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Hydroxyl radicals in the tropical troposphere over the Suriname rainforest: comparison of measurements with the box model MECCA

Author(s): D. Kubistin | H. Harder | M. Martinez | M. Rudolf | R. Sander | H. Bozem | G. Eerdekens | H. Fischer | C. Gurk | T. Klüpfel | R. Königstedt | U. Parchatka | C. L. Schiller | A. Stickler | D. Taraborrelli | J. Williams | J. Lelieveld

Journal: Atmospheric Chemistry and Physics
ISSN 1680-7316

Volume: 10;
Issue: 19;
Start page: 9705;
Date: 2010;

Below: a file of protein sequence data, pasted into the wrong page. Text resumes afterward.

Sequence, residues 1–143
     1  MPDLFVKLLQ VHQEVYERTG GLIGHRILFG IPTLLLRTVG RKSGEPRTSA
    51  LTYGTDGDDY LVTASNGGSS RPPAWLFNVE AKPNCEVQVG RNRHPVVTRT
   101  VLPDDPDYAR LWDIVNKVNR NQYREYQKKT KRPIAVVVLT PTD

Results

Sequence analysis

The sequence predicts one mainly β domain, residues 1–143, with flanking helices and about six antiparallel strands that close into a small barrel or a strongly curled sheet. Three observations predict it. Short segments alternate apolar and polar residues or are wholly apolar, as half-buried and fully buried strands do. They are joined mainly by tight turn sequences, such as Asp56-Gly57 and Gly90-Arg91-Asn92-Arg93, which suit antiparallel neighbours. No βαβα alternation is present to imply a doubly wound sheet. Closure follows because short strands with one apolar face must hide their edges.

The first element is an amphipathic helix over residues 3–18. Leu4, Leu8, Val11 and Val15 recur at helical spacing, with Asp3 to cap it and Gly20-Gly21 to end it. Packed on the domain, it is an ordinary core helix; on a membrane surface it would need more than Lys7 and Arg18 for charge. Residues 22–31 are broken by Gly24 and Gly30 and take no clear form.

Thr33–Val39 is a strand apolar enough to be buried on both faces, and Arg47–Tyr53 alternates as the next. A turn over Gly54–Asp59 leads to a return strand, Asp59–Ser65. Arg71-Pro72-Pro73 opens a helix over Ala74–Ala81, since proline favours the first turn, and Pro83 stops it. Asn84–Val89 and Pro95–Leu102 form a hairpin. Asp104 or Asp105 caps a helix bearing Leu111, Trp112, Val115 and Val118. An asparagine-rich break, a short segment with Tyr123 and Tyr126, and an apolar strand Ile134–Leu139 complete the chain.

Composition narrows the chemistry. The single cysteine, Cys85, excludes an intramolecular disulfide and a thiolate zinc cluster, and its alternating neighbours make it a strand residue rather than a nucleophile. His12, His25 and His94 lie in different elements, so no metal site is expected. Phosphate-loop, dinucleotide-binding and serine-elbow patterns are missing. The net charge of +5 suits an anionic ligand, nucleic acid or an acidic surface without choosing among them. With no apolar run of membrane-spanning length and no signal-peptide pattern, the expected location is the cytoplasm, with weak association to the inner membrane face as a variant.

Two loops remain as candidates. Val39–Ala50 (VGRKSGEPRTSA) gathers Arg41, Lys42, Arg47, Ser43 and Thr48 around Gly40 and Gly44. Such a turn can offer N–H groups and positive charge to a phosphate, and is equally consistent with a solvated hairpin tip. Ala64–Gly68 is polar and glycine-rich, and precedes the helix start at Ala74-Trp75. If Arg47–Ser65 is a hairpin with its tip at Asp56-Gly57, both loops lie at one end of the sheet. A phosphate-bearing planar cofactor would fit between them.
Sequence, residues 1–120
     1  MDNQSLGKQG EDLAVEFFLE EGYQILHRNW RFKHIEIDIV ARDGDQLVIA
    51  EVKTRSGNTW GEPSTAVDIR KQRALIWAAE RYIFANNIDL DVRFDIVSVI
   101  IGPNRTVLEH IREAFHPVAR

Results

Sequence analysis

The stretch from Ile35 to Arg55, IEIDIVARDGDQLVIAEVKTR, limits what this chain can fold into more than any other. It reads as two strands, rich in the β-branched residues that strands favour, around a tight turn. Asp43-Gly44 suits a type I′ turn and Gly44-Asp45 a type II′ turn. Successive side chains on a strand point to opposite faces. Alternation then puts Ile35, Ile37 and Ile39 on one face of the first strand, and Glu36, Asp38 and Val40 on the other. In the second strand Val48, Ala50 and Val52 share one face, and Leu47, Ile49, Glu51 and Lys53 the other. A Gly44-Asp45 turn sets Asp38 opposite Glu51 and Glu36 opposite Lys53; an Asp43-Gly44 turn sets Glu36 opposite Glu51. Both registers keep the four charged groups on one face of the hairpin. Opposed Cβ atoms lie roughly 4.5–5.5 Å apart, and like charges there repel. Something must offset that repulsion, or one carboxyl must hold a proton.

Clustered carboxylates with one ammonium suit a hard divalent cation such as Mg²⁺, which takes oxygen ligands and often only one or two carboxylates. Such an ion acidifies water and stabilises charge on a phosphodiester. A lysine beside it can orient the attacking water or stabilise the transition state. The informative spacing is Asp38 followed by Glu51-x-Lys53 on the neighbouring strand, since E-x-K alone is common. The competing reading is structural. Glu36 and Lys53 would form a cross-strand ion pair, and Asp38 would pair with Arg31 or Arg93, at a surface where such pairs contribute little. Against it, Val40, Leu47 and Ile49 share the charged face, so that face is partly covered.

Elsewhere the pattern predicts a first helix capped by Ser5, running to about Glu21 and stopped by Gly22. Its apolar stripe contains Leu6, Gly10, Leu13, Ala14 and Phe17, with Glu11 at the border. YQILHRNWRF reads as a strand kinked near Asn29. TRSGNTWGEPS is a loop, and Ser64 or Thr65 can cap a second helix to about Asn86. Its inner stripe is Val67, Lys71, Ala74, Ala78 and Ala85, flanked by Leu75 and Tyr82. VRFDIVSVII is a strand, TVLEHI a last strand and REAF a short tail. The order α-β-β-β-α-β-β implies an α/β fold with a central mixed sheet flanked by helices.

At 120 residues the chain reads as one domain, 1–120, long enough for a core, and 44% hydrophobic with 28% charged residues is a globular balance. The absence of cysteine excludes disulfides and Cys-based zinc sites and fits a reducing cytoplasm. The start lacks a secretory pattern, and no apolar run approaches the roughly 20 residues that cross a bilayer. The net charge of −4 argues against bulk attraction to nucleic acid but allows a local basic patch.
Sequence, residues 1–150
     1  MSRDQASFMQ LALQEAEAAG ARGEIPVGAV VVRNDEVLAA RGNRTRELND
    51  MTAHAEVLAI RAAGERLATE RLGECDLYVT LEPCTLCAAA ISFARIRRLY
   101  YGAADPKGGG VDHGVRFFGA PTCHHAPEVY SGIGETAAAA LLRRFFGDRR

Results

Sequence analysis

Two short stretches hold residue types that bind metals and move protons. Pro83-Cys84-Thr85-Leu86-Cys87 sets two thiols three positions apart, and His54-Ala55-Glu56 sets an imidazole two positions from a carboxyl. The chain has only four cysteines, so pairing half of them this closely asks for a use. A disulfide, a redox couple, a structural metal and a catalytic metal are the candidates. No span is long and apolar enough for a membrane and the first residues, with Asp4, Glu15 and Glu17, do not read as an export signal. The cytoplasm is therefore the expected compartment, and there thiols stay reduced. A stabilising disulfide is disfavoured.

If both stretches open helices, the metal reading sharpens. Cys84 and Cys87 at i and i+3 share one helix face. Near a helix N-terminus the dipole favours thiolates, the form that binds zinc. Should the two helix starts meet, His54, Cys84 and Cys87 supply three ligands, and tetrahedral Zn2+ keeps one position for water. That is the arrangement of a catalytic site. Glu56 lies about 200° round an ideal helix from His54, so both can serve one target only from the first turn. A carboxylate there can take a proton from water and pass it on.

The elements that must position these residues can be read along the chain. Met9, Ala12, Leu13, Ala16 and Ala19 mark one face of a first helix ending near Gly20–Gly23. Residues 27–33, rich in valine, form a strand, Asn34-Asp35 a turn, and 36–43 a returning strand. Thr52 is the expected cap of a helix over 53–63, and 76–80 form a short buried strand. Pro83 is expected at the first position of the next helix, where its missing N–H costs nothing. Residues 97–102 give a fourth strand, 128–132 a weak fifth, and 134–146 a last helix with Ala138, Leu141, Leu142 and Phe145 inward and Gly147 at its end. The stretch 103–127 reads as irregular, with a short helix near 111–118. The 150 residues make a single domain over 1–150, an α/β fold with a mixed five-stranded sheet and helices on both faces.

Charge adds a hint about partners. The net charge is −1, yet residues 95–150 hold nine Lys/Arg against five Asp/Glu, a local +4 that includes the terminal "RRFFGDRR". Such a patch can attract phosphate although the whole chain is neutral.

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As a major source region of the hydroxyl radical OH, the Tropics largely control the oxidation capacity of the atmosphere on a global scale. However, emissions of hydrocarbons from the tropical rainforest that react rapidly with OH can potentially deplete the amount of OH and thereby reduce the oxidation capacity. The airborne GABRIEL field campaign in equatorial South America (Suriname) in October 2005 investigated the influence of the tropical rainforest on the HOx budget (HOx = OH + HO2). The first observations of OH and HO2 over a tropical rainforest are compared to steady state concentrations calculated with the atmospheric chemistry box model MECCA. The important precursors and sinks for HOx chemistry, measured during the campaign, are used as constraining parameters for the simulation of OH and HO2. Significant underestimations of HOx are found by the model over land during the afternoon, with mean ratios of observation to model of 12.2 ± 3.5 and 4.1 ± 1.4 for OH and HO2, respectively. The discrepancy between measurements and simulation results is correlated to the abundance of isoprene. While for low isoprene mixing ratios (above ocean or at altitudes >3 km), observation and simulation agree fairly well, for mixing ratios >200 pptV (

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